By Berkeley Wellness – With shows Such as Dancing With the Stars and So You Think You Can Dance at full swing, dance Has Become one of Americas favored pastimes. There is even National Dance Day, that was started in 2010 to inspire Americans to adopt dancing as a pleasure and positive way to keep health and fight obesity. Dancing offers physical, emotional, and social advantages galore, so wear your dancing shoes and follow together. Better balance, enhanced mood – Many research has found that dancing may enhance balance, even in frail elderly people. Some have demonstrated improvements in gait, walking speed, and response time, in addition to cognitive and fine motor performance.
Dance research has included jazz, ballroom, tango, folk, and a string of slow, low impact dancing movementsthough any type of dancing will probably be beneficial. Interestingly, according to a review at the Western Journal of Physical and Rehabilitation Medicine at the year 2009, dancing can help men and women with Parkinsons disease, which is represented by rigid muscles, slowed movement, and impaired balance. Dancing can also be good for your mood. In another study, attendance was greater with waltzing than traditional exercise, maybe because dance is one type of exercise wherein motion, societal interaction, and fun are combined together, the researchers said.
Dancing for heart health and weight management – If dancing gets your heartbeat speed up, it could be a very good form of aerobic exercise, that is good for your heart normally. One study even found that in men and women with stable chronic cardiovascular failure, slow fast waltzing enhanced cardiovascular and blood vessel function and overall quality of life just as much as a moderate aerobic workout program did. Normally, a 150 pound person burns around 240 calories per hour when dancing. However the numbers vary a lot, from less than 200 calories per hour for slow dances like tango to about 350 calories for faster dance like swingand more than 500 calories for step aerobics dance.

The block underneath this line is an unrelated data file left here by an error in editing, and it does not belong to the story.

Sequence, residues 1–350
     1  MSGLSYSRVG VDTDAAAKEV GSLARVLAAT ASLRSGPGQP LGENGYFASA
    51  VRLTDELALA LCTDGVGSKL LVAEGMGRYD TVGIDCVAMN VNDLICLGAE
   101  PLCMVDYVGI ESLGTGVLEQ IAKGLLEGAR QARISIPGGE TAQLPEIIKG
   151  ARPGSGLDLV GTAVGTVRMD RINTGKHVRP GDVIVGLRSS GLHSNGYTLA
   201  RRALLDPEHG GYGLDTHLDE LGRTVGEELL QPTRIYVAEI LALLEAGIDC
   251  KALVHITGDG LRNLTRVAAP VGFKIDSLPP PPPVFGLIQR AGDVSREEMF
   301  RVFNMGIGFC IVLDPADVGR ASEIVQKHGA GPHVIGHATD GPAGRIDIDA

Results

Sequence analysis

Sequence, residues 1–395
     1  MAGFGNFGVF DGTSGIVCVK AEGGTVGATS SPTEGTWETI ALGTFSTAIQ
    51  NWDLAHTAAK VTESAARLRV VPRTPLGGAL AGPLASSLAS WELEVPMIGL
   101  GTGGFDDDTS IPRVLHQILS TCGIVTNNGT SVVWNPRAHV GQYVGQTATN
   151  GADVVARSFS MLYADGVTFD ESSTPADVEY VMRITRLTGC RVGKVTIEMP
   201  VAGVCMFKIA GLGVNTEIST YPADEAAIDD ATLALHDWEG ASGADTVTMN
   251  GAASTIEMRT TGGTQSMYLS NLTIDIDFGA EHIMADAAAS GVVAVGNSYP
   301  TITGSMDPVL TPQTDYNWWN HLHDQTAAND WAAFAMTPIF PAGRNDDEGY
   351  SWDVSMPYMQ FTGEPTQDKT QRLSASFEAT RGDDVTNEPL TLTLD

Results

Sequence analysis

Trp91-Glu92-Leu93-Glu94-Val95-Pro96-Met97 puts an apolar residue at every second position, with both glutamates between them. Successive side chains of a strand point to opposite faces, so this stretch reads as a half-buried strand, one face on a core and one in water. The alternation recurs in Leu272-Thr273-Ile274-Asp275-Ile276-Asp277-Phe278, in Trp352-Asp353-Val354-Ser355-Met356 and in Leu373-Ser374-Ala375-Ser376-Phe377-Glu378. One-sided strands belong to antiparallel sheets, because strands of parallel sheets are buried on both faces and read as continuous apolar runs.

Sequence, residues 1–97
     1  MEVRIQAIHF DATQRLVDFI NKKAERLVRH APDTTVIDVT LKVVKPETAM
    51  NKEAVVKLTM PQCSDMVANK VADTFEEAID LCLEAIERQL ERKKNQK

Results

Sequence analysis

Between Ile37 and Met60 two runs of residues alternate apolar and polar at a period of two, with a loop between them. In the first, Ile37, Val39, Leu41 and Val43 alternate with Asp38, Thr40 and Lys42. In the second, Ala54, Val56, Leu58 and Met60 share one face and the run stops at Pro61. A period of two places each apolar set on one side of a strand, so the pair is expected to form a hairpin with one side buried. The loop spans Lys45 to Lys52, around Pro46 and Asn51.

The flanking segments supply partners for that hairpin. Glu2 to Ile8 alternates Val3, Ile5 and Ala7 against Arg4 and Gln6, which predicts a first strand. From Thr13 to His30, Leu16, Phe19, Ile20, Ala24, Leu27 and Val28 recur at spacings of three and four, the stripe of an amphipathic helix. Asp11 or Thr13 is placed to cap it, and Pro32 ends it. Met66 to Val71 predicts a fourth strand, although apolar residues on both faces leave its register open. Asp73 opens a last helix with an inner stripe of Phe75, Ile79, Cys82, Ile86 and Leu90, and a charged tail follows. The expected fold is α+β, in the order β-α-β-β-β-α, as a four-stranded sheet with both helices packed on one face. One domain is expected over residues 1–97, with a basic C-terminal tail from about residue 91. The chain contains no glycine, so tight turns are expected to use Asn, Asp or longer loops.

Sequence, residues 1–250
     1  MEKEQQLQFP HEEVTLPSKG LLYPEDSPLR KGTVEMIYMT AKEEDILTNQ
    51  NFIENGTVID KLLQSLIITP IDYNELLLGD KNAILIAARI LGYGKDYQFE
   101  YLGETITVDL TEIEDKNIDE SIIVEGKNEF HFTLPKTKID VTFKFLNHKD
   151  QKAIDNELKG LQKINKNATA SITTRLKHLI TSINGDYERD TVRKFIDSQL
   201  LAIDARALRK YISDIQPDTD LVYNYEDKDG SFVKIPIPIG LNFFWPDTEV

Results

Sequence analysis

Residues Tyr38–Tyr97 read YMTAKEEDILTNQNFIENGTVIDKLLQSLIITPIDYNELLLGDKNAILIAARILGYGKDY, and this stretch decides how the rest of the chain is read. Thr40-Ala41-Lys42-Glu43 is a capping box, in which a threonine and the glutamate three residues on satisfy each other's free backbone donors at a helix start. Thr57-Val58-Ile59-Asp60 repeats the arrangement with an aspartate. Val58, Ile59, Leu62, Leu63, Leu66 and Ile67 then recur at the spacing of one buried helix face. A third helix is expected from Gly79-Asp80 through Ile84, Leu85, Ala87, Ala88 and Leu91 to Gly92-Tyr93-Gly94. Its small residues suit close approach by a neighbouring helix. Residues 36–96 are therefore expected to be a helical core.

Obviously, for the more active dances you probably won’t dance a full hour. Put on your dancing shoes – since there are plenty of various kinds of dance, you ought to be capable to find a style which suits you with regards to intensity, difficulty level, type of music you like, and whether you prefer to dancing without or with a partner. If you would like an upbeat, calorie burning style, you may try tap or swing, for instance. You might also search on the internet for a wide range of dancing events in your area, sponsored by several dance groups or dance schools. Another program, Dance for PD, offers classes for individuals with Parkinson’s disease that integrate movements from traditional and modern dance, they’re taught by trained dancers and accompanied by live music. Bottom line: There’s nothing negative about embedding dance into your regular physical exercise routine, and it might help motivate you to get moving if you find other types of workout routines, like treadmill machine walking or biking, a little boring.